There are numerous advantages to a lacquer finish. Lacquer is clear and durable and dries very quickly. It is also relatively easy to apply and comes in both spray and brushable forms. By hand-rubbing your lacquer finish, you can take it one step further and give it a mirror-like shine. Hand-rubbing also removes dust nibs (the inevitable dust particles picked up during the finish application) and brush marks and other surface variations.
Sand, Seal, and Stain
Sand your raw woodworking project using progressively finer grits of sandpaper, then remove all of the sawdust to prepare for finishing. Begin by first applying a pre-stain conditioner. You can also create your own type of pre-stain conditioner by mixing one part shellac with five parts denatured alcohol. Either of these products will seal the wood and give the stain a more even color. If you choose to use the shellac sealer, sand the project lightly with 400-grit sandpaper to remove any ridges or high spots that may have been left behind. Wipe the project with a tack cloth to remove all dust.
Next, apply the stain of your choice, following the instructions on the stain container. Allow the stain to dry for 24 hours. If another coat or any other staining is required, complete those steps before moving on.
Apply the Lacquer Finish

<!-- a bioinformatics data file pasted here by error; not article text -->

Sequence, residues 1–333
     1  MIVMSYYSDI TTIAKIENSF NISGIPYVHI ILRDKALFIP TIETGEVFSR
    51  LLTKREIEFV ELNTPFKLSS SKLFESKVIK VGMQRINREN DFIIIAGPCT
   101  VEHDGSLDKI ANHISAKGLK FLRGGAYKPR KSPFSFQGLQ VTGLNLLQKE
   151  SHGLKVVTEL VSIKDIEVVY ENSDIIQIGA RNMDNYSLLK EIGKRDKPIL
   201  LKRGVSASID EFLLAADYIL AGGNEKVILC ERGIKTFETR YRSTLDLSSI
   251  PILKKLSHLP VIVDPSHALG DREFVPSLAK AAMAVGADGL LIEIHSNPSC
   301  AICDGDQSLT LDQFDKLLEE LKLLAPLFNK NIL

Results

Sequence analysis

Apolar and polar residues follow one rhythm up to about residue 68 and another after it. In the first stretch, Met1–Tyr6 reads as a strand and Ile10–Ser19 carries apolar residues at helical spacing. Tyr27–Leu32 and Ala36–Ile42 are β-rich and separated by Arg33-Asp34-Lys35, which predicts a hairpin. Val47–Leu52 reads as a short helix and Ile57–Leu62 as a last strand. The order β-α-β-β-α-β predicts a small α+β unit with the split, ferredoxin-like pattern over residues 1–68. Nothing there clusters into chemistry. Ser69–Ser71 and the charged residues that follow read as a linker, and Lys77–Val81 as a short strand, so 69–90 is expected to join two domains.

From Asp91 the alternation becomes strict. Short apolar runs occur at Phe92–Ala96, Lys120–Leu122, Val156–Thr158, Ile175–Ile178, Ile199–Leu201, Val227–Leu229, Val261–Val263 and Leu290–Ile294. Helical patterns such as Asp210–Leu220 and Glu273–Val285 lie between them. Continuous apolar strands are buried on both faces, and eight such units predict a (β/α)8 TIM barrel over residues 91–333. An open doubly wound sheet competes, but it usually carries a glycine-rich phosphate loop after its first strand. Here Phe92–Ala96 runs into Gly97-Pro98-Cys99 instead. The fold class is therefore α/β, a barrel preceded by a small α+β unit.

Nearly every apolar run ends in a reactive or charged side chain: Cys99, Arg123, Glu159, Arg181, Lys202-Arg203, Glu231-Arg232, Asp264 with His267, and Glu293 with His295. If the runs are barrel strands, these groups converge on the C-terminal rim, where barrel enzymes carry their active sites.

With the staining completed, apply a light coat of lacquer to the entire project. Spraying is the traditional method of applying lacquer, but brushable lacquer is an acceptable alternative, although it can be a bit more temperamental than spray lacquer. Let the first coat of lacquer dry completely before adding the second coat. Typically, the new coat will dissolve a bit of the preceding coat, allowing the two coats to mix and even out any over-spray areas. After the lacquer dries, if you find any spots that have excessive lacquer (drips, runs, orange peel, etc.), you can lightly spot-sand with 400-grit sandpaper followed by a tack cloth.
Add several more thin coats of lacquer. Always remember that with lacquer, less is more (so to speak). Avoid the temptation to over-apply the lacquer, as more problems are created by too much than not enough lacquer. After you have applied as many coats as you feel necessary, allow the final coat to dry for at least 24 hours.
Dull the Finish
Lightly wet the surface and sand the entire finish with 400-grit sandpaper. This will dull the finish but it is a necessary step. Follow this dulling step by buffing the surface with 0000-steel wool. This will dull the surface even more.
Rub With Pumice
Lightly wet the surface with some soapy water, then sprinkle on some pumice powder and, using a clean cloth (such as an old T-shirt) wrapped around a sanding block, rub the finish thoroughly. Use another clean, damp cloth to wipe down a section of the project after rubbing with the pumice mixture to check your progress. After properly rubbing with pumice, you should have the equivalent of a semi-gloss finish.
Rub With Rottenstone
For an even glossier final look after completing the pumice step, rub down the project using some rottenstone with a little bit of butcher block oil for a lubricant. The rottenstone is a much finer abrasive than the pumice and is a perfect complement to the pumice finish. Be sure not to skip the pumice step, as rottenstone won't give the same results alone. As a final step, apply a thin coat of paste wax, and buff the wax to a mirror shine.